Paris postal museum takes to Twitter
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France’s post office is often held up to illustrate what’s best and worst about state ownership. But La Poste is about much more than banking and delivering letters. It is also an important patron of the arts.
The postal museum in Paris's Montparnasse district was inaugurated shortly after World War II. It has become not only a museum of the history of the county’s postal services but also a major cultural institution offering world-class exhibitions.
“Ask a curator” will be taking place on 1 September in Paris and across the world.
The museum has also been at the forefront of new technologies. It uses social networks such as Facebook, Twitter and Foursquare to raise its profile and publicise its collections.
It was a posting on microblogging site twitter about its participation in an initiative called “ask a curator” that tweaked my curiosity.
“Ask a curator” is a purely web-based initiative that aims to provide a direct link between the gallery-goer and the curator in an event scheduled to take place on the 1 September.
The brainchild of Newcastle-based Jim Richardson, it involves hundreds of galleries and museums around the world. London’s Tate Gallery, the Guggenheim in New York and Sydney’s Powerhouse museum are involved.
The only Parisian gallery to be taking part is the French postal museum.
Curious, I went along to visit the collection and was given a personal guided tour by Patrick Moreau, a curator at the museum.
He told me about the history of the collection including the Penny Black, the first stamp in mass production, the boots that inspired French fairy-tale author Charles Perrault to pen Puss in Boots and a most fascinating device called the “phonopostal”.
The strange hand-held gramophone enabled people to record sound by an engraving process onto small cards that could be sent in the post. Even though the experimental device did not take off, it was testament to the French creative and innovative spirit.
And, if it wasn’t for the postal museum, it could easily have been forgotten.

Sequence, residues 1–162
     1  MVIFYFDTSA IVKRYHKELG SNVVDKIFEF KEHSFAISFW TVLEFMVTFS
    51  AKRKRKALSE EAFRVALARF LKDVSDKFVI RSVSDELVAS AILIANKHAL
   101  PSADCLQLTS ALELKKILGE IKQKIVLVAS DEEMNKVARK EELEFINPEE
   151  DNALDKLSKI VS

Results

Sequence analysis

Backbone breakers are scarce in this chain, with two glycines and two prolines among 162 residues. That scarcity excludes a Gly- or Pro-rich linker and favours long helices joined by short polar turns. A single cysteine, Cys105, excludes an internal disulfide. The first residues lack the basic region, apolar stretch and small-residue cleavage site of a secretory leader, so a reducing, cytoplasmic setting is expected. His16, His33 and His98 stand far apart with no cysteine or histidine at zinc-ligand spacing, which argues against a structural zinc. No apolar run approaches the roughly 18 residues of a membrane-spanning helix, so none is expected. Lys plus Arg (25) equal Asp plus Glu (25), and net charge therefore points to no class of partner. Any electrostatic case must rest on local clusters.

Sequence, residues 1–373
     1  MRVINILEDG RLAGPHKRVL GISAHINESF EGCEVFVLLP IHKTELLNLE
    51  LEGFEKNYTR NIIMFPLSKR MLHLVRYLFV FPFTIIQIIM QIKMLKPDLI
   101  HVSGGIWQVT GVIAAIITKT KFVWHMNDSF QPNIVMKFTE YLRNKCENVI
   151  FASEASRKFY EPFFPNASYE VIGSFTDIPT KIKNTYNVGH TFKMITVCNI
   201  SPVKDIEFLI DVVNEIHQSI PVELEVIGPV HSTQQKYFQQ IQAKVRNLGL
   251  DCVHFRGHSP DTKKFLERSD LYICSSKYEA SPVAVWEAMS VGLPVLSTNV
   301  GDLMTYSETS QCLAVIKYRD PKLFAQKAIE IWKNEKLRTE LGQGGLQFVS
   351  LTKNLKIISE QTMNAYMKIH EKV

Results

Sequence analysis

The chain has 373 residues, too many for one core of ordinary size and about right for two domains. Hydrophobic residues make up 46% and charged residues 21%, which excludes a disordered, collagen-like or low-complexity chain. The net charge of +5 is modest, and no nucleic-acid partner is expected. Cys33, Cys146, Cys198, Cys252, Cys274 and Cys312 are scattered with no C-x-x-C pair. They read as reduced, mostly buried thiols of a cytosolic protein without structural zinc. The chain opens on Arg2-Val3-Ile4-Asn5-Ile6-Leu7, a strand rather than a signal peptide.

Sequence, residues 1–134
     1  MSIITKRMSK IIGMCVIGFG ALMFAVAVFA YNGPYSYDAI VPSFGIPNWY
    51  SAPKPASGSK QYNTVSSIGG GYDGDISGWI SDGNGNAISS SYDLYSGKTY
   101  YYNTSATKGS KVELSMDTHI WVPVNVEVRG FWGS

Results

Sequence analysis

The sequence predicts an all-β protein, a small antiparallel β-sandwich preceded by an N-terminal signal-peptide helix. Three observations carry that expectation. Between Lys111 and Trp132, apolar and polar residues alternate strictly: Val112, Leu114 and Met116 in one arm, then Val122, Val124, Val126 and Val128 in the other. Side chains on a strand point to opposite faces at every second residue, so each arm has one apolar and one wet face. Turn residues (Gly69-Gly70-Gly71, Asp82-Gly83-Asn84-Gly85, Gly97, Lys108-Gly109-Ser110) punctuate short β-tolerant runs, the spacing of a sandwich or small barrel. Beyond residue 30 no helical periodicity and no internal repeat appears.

The permanent collection also probes the way that we communicate and includes a model of a pretelegraph system that enabled the French to relay messages between Paris and Calais in just over an hour. It involved a series of man-operated towers built on raised land and spaced out every 10 kilometres. Using a series of pulleys and telescopic lenses, signals could be sent from tower to tower.
The collection also includes some war-time Morse code devices.
Strategic development advisor at the museum Laurent Albaret said the postal service’s use of new technologies and social networking sites such as Twitter was part of this age-old tradition of looking at new and more efficient ways of communicating.
He said that he hoped that such tools and the initiative ‘ask a curator’ would enable the museum to reach out to the French public and increase awareness of their collections.
An exhibition on poet, novelist and intellectual Louis Aragon which runs until 19 September was indicative of the museum’s agenda, said the show’s curator Josette Rasle.
The exhibition charted the life of the seminal figure in 20th century French cultural life who was one of the founders of the surrealist movement (though he ended his days as a realist). His entourage included poets, writers and artists and the exhibition has works by the likes of Picasso, Miro and Braque and some fabulous drawings by Matisse.
But how successful can an initiative such as “ask a curator” be? Although social networks such as Facebook have been adopted by the vast majority of French people, Twitter has been slower to take off.
But an initiative that is location independent and increases access to collections can nevertheless help to increase cultural awareness.
The French art scene is often viewed as an elitist institution and “ask a curator” could be seen as a way to break down barriers.
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